CAMP LEATHERNECK, AFGHANISTAN
CAMP LEATHERNECK, Afghanistan – Three years ago, Cpl. Rocio Sanchez was entertaining troops in Iraq with her vocals. Now she is on the other side, serving in the Marine Corps as an electronic key management systems clerk aboard Camp Leatherneck, Afghanistan.
“I traded in my high heels for combat boots and my microphone for an M-16 (service rifle),” said Sanchez, currently deployed with Retrograde and Redeployment in support of Reset and Reconstitution Operational Group, Regional Command (Southwest). “In May 2009 we went out to Iraq for a two-week tour.”
Sanchez, from South Gate, Calif., had already made her decision to join the Marines before the tour. She joined the Marine Corps Delayed Entry Program earlier that same year.
“Looking back on it, I was sort of living a double life,” said Sanchez. “I was doing the poolee functions, and at the same time preparing for the tour as a performer.”
Shortly after the tour, Sanchez informed her band that she was joining the Marine Corps.
“I told my band I was sorry, but I had to do this,” said Sanchez. “Since I was a little girl I always wanted to be in the military, just like I had wanted to be a singer. I wanted to be four things when I was little, a teacher, a singer, a Marine and a police officer. I’ve done the first three so far.”
Sanchez said she’s only met one person who recognized her when she was in Iraq. It was while she was at Marine Corps recruit training when a drill instructor, who had been in Iraq and attended her USO concert, noticed her.
Her commanding officer, Col. James Clark with R4OG, was at one of the bases she visited, but he did not attend the concert.
“From what I understand she’s a very good singer, but I know for a fact that she’s a very good Marine,” said Clark.
Many Marines are surprised to hear Sanchez was a USO performer. That is until they hear her sing.
“I heard her sing in church, and I told her maybe she should go on one of those shows, like The Voice, and that’s when the story came out,” said Gunnery Sgt. Mark Neil, electronic key management system manager with R4OG.
Sanchez no longer gets on a stage for servicemembers, but that does not keep her from singing.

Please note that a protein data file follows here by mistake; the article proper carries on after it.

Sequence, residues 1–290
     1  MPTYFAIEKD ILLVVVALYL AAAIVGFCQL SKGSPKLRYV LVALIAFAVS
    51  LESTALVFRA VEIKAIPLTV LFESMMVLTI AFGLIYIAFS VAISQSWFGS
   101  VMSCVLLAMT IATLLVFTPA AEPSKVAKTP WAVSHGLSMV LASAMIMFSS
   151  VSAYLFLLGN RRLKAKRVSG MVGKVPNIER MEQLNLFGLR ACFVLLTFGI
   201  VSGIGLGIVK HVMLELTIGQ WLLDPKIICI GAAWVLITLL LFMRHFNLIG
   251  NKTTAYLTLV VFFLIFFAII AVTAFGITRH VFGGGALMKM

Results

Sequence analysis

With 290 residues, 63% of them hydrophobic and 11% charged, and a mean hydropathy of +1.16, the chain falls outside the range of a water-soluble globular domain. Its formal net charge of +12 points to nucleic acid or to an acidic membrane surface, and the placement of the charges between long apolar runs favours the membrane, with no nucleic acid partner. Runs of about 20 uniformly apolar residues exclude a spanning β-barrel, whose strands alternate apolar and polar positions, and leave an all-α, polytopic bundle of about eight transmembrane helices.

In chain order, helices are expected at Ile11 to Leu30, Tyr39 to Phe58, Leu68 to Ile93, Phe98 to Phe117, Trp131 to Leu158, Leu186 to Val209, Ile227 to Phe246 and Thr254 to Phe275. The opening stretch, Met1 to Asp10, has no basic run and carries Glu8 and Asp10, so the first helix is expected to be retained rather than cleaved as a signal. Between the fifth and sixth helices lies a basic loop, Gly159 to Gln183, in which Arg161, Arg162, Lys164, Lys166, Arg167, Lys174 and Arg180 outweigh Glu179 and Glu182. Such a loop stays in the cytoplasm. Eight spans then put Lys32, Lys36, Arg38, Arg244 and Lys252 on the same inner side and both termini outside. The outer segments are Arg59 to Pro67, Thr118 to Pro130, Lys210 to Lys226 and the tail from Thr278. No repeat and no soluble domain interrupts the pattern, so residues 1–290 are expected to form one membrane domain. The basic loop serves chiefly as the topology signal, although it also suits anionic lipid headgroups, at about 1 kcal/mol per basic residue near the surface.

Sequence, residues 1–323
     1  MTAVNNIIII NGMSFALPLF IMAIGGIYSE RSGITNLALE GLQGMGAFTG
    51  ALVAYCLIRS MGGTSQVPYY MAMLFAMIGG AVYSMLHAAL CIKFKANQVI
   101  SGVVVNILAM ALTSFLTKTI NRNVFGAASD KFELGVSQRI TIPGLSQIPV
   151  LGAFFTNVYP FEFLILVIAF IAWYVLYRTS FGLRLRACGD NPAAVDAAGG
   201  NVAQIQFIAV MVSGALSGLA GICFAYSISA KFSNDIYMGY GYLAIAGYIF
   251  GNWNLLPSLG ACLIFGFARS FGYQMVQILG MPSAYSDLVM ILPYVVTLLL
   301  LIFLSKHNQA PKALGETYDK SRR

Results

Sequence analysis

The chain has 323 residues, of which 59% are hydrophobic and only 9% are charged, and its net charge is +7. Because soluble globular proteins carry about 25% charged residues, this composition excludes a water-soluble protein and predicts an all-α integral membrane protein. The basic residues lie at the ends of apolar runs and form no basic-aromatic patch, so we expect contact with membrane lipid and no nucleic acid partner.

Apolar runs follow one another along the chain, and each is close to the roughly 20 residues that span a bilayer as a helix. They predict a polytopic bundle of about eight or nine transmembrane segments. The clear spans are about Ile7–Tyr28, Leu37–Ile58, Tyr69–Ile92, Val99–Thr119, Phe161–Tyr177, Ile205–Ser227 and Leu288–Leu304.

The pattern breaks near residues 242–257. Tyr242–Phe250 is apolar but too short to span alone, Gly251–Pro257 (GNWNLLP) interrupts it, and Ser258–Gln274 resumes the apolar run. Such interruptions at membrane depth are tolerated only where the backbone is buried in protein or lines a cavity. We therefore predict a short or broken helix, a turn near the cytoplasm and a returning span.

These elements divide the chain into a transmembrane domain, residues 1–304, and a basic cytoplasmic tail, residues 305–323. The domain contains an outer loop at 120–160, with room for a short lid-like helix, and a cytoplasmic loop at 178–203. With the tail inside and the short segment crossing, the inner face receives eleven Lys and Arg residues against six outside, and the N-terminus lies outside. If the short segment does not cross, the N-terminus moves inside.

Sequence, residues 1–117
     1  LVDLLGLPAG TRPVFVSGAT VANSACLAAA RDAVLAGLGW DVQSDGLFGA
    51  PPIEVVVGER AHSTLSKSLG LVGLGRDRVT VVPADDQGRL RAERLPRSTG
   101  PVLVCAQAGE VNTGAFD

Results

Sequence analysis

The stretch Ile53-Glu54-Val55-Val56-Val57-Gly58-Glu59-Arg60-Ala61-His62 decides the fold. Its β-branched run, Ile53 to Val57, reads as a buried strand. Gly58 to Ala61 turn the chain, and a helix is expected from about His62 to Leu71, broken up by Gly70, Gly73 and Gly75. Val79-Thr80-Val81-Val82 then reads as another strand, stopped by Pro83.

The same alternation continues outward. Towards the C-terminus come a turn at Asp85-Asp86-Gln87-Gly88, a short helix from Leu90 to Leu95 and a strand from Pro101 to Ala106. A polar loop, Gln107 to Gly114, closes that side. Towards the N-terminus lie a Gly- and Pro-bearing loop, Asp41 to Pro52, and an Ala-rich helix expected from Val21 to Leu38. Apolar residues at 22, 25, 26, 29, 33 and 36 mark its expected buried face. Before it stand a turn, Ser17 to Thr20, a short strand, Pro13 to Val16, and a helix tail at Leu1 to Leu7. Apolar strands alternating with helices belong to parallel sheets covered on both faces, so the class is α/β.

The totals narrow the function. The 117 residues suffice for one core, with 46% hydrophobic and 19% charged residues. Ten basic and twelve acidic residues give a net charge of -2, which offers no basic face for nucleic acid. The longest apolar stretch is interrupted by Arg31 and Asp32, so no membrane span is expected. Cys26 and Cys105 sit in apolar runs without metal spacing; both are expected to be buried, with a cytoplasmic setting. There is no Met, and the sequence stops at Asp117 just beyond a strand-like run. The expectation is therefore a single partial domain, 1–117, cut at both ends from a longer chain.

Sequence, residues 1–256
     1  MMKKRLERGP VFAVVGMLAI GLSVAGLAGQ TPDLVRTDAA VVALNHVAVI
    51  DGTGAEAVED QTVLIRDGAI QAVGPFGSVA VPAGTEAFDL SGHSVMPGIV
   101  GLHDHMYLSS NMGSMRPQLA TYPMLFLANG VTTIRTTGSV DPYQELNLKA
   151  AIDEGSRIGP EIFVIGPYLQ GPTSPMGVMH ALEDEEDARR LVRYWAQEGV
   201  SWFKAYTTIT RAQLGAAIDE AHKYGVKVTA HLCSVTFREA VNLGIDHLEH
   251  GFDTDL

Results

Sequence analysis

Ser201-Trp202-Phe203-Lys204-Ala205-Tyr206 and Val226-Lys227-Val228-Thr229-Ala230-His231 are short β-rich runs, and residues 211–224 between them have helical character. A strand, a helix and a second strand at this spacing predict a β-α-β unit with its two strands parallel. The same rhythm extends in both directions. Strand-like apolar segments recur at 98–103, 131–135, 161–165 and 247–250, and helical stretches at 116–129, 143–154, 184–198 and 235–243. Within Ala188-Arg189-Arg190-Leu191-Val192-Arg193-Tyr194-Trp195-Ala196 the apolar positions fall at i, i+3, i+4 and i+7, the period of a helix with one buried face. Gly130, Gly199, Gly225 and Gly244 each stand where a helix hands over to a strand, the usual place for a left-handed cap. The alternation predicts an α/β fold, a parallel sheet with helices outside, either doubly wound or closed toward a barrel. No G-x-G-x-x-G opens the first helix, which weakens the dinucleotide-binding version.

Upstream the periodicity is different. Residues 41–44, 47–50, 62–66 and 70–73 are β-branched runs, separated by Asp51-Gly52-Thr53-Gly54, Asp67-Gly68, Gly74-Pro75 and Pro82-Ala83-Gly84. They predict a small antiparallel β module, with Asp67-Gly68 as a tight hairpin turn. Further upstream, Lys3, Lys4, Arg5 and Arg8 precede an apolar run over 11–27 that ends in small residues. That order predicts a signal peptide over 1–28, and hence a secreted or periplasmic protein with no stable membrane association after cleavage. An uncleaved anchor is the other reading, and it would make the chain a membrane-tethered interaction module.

“Her voice is beautiful,” said Neil, from San Diego. “She also sings around the office. I told her we are happy to have her in the Marine Corps, but I thought she could of made it as a singer.”
Sanchez deployed to Afghanistan only a couple months after giving birth to her first child, David Sanchez III. Giving up a career as a singer was hard, but leaving her son was harder.
“I left him when he was 6 months old,” said Sanchez. “He couldn’t even sit up by himself. That was the hardest thing I’d ever done in my life.”
David is at home with Sgt. David Sanchez Jr., Sanchez’s husband a military policeman with the provost marshal’s office at Marine Corps Air Station Miramar.
For Sanchez, deploying to Afghanistan was a necessity to grow as a leader and a Marine. When the opportunity came, she jumped at the chance.
“I need to better myself in order to lead others,” said Sanchez. “I have to have that experience. I decided to join the Marine Corps, and I take responsibility for my job. I wasn’t afraid to deploy because I knew it was part of the job.”
Sanchez has not backed down from the challenge. She stepped into her job at Camp Leatherneck and has impressed the Marines around her with her maturity and work ethic.
“She hasn’t missed a beat,” said Clark, from Tollesboro, Ky. “She’s been highly professional out here, and I’m really thankful she was willing to come. She’s just a tremendous young lady and someone the junior Marines can look up to. She is a great example of what hard work and dedication will get you.”
Whether as a Marine, a performer or mother, Sanchez puts forth the effort needed to be successful. Three years ago she was onstage entertaining Marines with her voice, now she works side by side with them, as a vital piece of Operation Enduring Freedom.
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This work, Trading high heels for boots, former USO performer deploys to Afghanistan, by Sgt Timothy Lenzo, identified by DVIDS, is free of known copyright restrictions under U.S. copyright law.